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The currently accepted paradigm describing our homogeneous and isotropic Universe is based on the Robertson-Walker metric

Equation 1 (1)

and Einstein's covariant formula for the law of gravitation,

Equation 2 (2)

In Eq. (1) ds is the line element in four-dimensional spacetime, t is the time, R(t) is the cosmic scale, sigma is the comoving distance as measured by an observer who follows the expansion, k is the curvature parameter, c is the velocity of light, and theta, phi are comoving angular coordinates. In Eq. (2) Gµnu is the Einstein tensor describing the curved geometry of spacetime, Tµnu is the energy-momentum tensor, and G is Newton's constant.

From these equations one derives Friedmann's equations which can be put into the form

Equation 3 (3)

Equation 4 (4)

Here rho are energy densities, the subscripts m and lambda refer to matter and cosmological constant (or dark energy), respectively; pm and plambda are the corresponding pressures of matter and dark energy, respectively. Using the expression for the critical density today,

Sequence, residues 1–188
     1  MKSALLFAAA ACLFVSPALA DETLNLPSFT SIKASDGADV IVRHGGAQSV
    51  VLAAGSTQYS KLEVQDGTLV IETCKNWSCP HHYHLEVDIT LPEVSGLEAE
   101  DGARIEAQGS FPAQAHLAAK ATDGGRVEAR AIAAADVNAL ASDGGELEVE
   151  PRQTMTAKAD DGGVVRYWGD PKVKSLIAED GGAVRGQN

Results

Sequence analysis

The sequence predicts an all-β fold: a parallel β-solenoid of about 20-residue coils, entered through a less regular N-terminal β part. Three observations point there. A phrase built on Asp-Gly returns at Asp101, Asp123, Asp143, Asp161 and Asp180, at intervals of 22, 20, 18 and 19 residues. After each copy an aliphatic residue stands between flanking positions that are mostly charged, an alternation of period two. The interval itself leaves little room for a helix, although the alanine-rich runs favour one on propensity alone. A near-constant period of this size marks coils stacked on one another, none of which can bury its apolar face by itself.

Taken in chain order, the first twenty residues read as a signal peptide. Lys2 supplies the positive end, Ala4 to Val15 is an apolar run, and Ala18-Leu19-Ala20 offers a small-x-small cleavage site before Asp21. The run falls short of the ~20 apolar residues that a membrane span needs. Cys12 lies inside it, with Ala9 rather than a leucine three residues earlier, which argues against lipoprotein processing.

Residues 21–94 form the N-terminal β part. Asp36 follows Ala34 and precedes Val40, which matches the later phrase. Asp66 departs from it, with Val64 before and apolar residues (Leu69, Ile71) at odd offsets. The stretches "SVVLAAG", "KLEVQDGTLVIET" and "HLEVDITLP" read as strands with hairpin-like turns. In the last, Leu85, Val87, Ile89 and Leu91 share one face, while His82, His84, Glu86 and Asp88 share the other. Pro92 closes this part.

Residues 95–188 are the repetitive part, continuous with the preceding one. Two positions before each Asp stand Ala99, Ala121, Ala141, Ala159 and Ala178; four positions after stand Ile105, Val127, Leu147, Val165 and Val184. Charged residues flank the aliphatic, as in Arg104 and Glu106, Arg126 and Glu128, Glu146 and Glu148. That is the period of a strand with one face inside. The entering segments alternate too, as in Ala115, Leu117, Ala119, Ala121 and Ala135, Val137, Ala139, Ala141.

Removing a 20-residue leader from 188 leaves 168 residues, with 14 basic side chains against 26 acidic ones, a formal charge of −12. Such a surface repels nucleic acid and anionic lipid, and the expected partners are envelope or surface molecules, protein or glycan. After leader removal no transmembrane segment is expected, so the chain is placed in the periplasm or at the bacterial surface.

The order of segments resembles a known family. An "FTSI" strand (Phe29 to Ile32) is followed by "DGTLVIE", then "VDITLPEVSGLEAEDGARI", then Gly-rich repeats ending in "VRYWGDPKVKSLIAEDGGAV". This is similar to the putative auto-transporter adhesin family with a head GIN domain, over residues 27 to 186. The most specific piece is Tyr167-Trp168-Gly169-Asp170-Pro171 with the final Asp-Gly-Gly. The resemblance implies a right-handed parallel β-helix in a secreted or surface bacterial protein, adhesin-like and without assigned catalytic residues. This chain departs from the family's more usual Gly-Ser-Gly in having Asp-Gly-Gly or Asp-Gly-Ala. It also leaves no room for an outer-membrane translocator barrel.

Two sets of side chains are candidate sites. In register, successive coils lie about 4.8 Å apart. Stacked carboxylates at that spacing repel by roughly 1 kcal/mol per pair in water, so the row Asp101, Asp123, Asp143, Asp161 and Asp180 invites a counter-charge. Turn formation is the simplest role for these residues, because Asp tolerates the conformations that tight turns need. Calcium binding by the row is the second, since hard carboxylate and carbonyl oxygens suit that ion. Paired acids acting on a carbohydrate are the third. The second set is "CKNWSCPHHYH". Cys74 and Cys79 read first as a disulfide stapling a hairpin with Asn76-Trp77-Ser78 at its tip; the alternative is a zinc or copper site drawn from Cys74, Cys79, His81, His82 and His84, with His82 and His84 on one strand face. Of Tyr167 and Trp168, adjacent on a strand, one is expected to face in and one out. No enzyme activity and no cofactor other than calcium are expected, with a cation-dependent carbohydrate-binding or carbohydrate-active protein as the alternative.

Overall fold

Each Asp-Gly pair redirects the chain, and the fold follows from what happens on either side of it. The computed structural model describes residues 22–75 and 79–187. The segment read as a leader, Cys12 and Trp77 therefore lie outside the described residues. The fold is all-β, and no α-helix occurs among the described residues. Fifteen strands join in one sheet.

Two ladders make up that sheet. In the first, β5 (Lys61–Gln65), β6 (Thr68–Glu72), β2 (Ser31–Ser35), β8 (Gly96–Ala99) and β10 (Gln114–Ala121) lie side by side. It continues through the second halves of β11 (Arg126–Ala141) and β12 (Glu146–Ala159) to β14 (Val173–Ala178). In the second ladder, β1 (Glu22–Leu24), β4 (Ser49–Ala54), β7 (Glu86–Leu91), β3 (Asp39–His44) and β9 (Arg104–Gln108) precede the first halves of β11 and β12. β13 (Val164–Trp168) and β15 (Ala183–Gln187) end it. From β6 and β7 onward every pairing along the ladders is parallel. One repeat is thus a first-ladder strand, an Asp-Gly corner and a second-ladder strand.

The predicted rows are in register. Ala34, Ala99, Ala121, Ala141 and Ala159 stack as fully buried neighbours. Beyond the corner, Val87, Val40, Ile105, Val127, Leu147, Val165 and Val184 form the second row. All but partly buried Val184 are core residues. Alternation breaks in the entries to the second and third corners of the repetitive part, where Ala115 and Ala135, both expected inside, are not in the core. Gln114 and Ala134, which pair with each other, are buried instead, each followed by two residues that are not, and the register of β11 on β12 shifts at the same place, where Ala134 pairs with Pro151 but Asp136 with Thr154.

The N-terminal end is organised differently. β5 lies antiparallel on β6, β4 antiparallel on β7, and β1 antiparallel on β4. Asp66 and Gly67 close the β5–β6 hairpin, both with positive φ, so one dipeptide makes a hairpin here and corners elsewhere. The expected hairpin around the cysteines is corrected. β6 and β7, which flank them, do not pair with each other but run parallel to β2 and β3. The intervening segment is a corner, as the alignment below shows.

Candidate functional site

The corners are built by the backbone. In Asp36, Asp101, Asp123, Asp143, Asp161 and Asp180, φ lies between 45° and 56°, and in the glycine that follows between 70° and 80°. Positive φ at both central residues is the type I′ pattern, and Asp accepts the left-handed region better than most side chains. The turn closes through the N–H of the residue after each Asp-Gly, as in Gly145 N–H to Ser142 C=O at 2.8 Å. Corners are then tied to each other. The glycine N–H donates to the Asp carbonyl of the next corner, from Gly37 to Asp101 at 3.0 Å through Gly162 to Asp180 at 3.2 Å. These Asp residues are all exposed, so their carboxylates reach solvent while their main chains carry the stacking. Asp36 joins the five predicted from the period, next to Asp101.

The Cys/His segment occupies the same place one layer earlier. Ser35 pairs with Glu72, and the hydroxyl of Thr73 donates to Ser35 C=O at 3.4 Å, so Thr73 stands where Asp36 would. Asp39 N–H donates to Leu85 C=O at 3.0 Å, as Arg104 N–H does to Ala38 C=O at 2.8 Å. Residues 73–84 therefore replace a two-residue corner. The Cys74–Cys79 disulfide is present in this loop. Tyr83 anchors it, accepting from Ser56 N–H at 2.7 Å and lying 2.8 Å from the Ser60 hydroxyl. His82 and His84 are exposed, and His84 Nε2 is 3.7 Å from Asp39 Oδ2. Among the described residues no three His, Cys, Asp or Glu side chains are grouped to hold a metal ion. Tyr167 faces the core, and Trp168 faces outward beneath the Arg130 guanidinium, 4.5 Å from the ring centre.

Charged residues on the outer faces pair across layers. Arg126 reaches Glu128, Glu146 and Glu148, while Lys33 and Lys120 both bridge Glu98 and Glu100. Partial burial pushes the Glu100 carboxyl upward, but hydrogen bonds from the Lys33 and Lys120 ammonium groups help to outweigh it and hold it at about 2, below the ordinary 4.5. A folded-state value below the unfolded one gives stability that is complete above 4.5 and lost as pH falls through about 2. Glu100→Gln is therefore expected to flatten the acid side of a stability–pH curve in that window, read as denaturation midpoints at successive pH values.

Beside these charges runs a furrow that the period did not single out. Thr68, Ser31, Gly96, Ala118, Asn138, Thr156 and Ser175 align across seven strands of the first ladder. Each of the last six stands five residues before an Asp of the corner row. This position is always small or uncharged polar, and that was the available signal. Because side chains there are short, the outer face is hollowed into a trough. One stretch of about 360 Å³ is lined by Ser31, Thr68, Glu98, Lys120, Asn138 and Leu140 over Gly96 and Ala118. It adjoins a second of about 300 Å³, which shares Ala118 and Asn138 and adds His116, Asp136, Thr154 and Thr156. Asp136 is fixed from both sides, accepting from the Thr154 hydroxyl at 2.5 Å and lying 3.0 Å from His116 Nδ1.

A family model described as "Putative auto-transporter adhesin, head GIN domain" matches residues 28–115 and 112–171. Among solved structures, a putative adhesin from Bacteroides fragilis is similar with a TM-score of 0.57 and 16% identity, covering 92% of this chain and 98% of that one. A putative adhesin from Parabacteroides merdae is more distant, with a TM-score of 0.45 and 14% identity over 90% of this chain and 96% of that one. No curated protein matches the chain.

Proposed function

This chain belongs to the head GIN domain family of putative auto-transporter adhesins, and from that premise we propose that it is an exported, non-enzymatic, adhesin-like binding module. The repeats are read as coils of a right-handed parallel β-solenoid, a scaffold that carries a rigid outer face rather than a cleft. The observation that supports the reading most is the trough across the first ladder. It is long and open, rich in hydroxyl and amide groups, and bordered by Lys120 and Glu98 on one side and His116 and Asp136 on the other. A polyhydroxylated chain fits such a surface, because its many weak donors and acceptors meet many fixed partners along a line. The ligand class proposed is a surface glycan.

Equation 5 (5)

where H0 is the Hubble parameter at the present time, one can define density parameters for each energy component by

Equation 6 (6)

The total density parameter is

Equation 7 (7)

In what follows we shall ignore the very small radiation density parameter Omegar. The matter density parameter Omegam can further be divided into a cold dark matter (CDM) component OmegaCDM, a baryonic component Omegab and a neutrino component Omeganu.

The pressure of matter is certainly very small, otherwise one would observe the galaxies having random motion similar to that of molecules in a gas under pressure. Thus one can set pm = 0 in Eq. (4) to a good approximation. If the expansion is adiabatic so that the pressure of dark energy can be written in the form

Equation 8 (8)

and if dark energy and matter do not transform into one another, conservation of dark energy can be written

Equation 9 (9)

One further parameter is the deceleration parameter q0, defined by

Equation 10 (10)

Eliminating R ddot between Eqs. (4) and (10) one can see that q0 is not an independent parameter.

The curvature parameter k in Eqs. (1), (3) and (4) describes the geometry of space: a spatially open universe is defined by k = -1, a closed universe by k = + 1 and a flat universe by k = 0. The curvature parameter is not an observable, but it is proportional to Omega0 - 1, so if Omega0 is observed to be 1, the Universe is spatially flat.

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